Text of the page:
Tuesday, 6 April 2010

Getting a Closer Look at Things

Sometimes the only way to take a close look at objects which are a long way away is to make a small crop as with this KLM airliner which passed over a few days ago. It was so high that it could not be heard at all.

The photo as taken with 400mm zoom:

Then a small crop processed  in PaintShop Pro X2 to adjust contrast and reduce noise:

Another way to get close, this time to small objects,  is to put them under a microscope. I have had a cheap and cheerful microscope for years but after reading Phil's posts in his excellent blog - Beyond the Human Eye - I decided to buy a better quality microscope second hand. At first I tried to photograph using a digital camera over the lens but results were poor to say the least so in the end I invested in a USB camera which fits in place of the top lens in the microscope.

Results are much better but the main problem is lack of depth of field with 3D subjects like this lichen I found growing on a dead twig.

Lichen on a Twig

The camera can be seen sticking out of the top of the microscope. I am at the let's see what we can see on this stage and at the moment just admiring the intricate patterns and shapes that Nature creates but are completely overlooked by the unaided eye.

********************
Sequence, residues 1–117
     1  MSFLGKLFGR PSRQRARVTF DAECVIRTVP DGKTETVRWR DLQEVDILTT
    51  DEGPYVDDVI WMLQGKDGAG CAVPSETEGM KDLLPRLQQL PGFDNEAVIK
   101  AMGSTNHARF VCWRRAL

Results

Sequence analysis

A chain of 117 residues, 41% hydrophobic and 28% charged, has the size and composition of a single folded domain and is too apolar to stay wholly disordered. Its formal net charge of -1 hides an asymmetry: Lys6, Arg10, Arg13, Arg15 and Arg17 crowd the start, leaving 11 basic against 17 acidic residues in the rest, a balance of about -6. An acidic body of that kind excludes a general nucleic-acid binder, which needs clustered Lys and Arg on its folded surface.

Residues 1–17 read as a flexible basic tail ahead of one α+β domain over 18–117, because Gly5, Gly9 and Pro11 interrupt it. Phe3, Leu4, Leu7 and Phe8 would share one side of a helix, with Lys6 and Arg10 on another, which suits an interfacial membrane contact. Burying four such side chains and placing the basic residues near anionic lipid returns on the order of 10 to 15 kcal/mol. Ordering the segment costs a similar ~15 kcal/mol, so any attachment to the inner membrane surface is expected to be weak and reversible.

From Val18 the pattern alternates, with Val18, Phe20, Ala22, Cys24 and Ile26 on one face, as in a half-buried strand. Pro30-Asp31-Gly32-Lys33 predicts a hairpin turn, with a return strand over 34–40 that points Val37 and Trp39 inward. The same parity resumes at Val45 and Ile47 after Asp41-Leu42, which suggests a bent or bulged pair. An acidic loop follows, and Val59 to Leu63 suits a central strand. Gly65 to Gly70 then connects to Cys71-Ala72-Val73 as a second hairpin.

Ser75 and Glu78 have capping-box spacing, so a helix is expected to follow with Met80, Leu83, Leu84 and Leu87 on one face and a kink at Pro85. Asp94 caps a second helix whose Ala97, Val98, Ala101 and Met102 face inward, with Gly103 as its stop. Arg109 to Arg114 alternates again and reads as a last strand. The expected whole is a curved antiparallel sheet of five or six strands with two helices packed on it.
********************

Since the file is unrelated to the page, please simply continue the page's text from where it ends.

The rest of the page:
1. John, a coincidence you have gone down this path, I have been thinking about it. I have dropped the idea as I can't identify half what I see full size.

  2. Terrific zoom in on the plane! Fascinating look at the micro-world. Imagine being able to attach a camera to a microscope! Nifty. Great experimentation :) Look forward to seeing more.

  3. A whole new world awaits under the microscope.
    Fascinating John.

  4. Hello Adrian. Nor can I but I can still admire what I see.

  5. Hello Glo. I was born inquisitive, nay - nosey! I often wonder what my mother used to think when she turned out my coat pockets. As a youngster I used to fill them with caterpillars and whatever else caught my interest.

  6. It is fascinating Keith. Even more so when I can take pictures rather than having to squint through an eyepiece.


Thank you for visiting. Hope you enjoyed the pictures. Any comment, or correction to any information or identification I get wrong, is most welcome. John

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